Ferdouse Asefi is a 4th year PhD Student specializing in crime and law, race and ethnicity. His dissertation is “The Graveyard of Life: Experiencing Afghanistan through the Afghan-Canadian Diaspora”. His dissertation research looks at the Afghan diaspora in Canada, focusing on the experiences of Afghan refugees during different periods of migration to Canada and second-generation Afghans. In addition, he examines the media representations of Afghans and how they resist orientalist understandings of Afghanistan and Afghans. His faculty supervisor is Luisa Schwartzman, with Ellen Berrey as a dissertation committee member. Ferdouse has other op-eds published in CBC, Toronto Star, and the Hamilton Spectator.

PhD Student Eduardo Gutierrez Cornelius awarded the Roderick A. Macdonald Graduate Student Essay Prize

Sociology PhD Student Eduardo Gutierrez Cornelius at the University of Toronto was recently awarded the 2021 Roderick A. Macdonald Graduate Student Essay Prize from the Canadian Law and Society Association. His paper, “Discursive Mismatch and Globalization by Stealth: The Fight Against Corruption in the Brazilian Legal Field”, was initially wrote for courses in the PhD Program – first for the seminar “Contemporary Sociological Theory”, secondly in his practicum course, thirdly for “Law, Politics, and Globalization”, and finally through an applied for and received Summer PLF. This project is part of Eduardo’s Ph.D. dissertation in which he explores the role of legal actors in the criminalization of the elites in Brazil, co-supervised by Sida Liu and Ron Levi.

The paper analyzes Brazilian lawyers’ debates over an anti-corruption bill, named the Ten Measures Against Corruption. While prosecutors defend the bill by importing global ideas on the problem of corruption, defence attorneys criticize the bill’s criminal law solutions. Eduardo explains this mismatch by looking at these legal actors’ professional trajectories. He also argues that this discursive mismatch leads to a form of globalization by stealth, whereby local dynamics allow global ideas to remain unchallenged in local fields. Looking beyond the technical legal issues debated, Eduardo shows how this process legitimates particular moral views about the Global South.

 Eduardo has also conducted research on institutional responses to corruption (with Mariana Prado), law and social theory (with Sida Liu), and youth justice on which he has published a book titled, The “Worst of Both Worlds”? The Legitimate Construction of Youth Justice by the Superior Court of Justice

PhD Student Jillian Sunderland interviewed by ‘The Medium’ on Social Media Activism

Sociology PhD Student Jillian Sunderland and an SSHRC Joseph-Armand Bombardier scholar at the University of Toronto was recently interviewed by Dalainey Gervais from ‘The Medium’. Sunderland was interviewed on her both her research and personal experience regarding social media, platform use, activism, and the separation of activism and corporate capitalism. The full article is available on ‘The Medium’ website here.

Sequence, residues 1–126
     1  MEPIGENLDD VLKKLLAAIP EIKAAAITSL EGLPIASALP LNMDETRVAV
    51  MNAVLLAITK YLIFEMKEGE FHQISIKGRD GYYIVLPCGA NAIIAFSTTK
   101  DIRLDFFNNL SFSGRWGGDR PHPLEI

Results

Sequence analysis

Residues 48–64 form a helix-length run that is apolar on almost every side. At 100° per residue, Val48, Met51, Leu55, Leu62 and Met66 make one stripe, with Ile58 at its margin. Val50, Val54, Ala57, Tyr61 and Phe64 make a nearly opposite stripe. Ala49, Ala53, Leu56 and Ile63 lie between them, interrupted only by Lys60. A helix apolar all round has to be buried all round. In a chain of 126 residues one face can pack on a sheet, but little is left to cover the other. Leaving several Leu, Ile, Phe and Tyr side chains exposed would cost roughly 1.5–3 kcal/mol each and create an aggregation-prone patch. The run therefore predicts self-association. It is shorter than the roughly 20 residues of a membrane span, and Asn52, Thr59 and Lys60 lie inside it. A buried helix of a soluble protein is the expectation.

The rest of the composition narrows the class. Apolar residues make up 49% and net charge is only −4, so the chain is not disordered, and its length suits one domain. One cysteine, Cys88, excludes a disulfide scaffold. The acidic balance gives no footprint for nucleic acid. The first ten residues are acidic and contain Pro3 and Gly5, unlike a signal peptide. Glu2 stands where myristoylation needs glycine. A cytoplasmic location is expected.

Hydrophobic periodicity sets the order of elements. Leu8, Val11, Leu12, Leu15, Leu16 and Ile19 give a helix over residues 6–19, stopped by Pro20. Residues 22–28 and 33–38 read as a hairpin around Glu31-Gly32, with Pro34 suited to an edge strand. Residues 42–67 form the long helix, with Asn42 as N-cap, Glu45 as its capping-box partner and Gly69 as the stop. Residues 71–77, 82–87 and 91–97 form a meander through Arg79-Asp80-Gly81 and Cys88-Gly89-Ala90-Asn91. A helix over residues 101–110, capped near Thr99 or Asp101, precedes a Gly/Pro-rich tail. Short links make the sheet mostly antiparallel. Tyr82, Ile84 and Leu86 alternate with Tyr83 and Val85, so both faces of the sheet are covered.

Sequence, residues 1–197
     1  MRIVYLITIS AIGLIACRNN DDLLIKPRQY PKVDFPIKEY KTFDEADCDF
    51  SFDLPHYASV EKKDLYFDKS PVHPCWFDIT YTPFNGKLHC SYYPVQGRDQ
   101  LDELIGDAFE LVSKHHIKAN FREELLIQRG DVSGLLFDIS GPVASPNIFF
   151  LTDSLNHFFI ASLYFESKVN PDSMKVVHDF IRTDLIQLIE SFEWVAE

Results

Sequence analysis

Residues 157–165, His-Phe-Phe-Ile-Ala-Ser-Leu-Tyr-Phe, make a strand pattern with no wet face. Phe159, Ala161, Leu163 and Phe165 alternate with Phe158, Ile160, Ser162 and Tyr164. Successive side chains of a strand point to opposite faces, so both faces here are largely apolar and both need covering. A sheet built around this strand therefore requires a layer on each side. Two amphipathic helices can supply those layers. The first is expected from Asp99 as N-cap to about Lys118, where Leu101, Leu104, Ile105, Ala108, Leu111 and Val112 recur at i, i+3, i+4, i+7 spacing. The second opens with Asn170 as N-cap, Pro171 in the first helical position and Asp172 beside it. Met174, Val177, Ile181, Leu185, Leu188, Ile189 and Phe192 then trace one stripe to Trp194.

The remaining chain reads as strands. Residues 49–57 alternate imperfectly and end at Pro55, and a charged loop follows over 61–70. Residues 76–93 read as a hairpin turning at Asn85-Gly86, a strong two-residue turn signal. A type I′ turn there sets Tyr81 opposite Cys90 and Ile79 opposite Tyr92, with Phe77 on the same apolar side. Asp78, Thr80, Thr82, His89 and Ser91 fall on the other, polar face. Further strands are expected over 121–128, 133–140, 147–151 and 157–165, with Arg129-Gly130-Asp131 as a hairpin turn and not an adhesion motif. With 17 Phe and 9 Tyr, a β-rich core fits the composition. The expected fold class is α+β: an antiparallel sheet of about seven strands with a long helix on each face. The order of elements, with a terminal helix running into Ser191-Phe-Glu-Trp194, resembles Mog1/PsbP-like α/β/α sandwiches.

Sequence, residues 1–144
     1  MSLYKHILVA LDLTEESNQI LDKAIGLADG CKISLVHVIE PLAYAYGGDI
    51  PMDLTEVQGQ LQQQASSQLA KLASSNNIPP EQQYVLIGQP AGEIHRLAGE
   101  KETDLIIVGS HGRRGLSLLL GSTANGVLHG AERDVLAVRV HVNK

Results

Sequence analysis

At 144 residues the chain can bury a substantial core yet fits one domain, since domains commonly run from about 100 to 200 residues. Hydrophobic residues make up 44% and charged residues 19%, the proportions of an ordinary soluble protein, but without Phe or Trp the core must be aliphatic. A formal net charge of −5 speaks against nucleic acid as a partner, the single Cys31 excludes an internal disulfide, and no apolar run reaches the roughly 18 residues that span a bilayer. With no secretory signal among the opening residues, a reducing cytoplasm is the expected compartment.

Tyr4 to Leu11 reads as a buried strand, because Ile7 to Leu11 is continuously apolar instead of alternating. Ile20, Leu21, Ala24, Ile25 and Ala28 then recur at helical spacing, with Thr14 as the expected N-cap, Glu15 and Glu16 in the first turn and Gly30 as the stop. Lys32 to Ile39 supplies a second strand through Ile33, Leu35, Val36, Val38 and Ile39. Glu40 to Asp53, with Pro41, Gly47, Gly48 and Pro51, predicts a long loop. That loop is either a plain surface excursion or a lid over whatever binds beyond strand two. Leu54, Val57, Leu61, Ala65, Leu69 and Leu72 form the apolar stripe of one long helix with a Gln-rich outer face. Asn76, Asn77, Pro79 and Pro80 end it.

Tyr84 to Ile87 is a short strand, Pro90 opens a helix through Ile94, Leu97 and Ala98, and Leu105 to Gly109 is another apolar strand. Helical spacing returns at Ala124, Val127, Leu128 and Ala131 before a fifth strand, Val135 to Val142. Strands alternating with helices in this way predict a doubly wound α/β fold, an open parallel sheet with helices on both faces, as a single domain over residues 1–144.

This article focuses on the newfound importance of social media activism in today’s political and social climate and assesses both its strength and weakness for implementing change. Following the wake of BLM protests and the recent discovery of mass grave sites of residential schools, social media presence and activist conversation is stronger than before. This article addresses both the positives and negatives of this sudden increase in informative posts, hashtags, and online protesting. Gervais seeks Sunderland’s opinion and stance on using her own platform as one of activism and access to information.

An excerpt of the article is below:

Social media platforms help raise awareness on important issues worldwide.

By: Dalainey Gervais, September 13th, 2021

“Social media activism has really given us unprecedented access to democratize information because the majority of young people get their news from social media,” says Jillian Sunderland, a sociology PhD student in the SSHRC Joseph-Armand Bombardier Canada Graduate Studies Program at the University of Toronto. Reflecting on her use of social media, Sunderland confirms that she also utilizes her platform to share important information with her followers. Access to the internet allows an opportunity for everyone to become allies in important causes and movements.

Social media activism helps communities understand their own histories and brings attention to important conversations around the world. Following the murder of George Floyd and the intense social media coverage of the Black Lives Matters (BLM) movement during the summer of 2020, Americans used their social media platforms to expose the deep-rooted racism of the country that is not an issue of the past. The movement also allowed Canadians to reflect on histories of slavery and racism.

“I realized that Canadians didn’t know the extent of anti-black racism and our history of prejudicial treatment in Canada,” adds Sunderland. “When I asked my friends why they weren’t sharing resources on their platforms, they told me that it was just an American problem.”

Faculty Member Hae Yeon Choo interviewed by ‘Winnipeg Free Press’ on Squid Game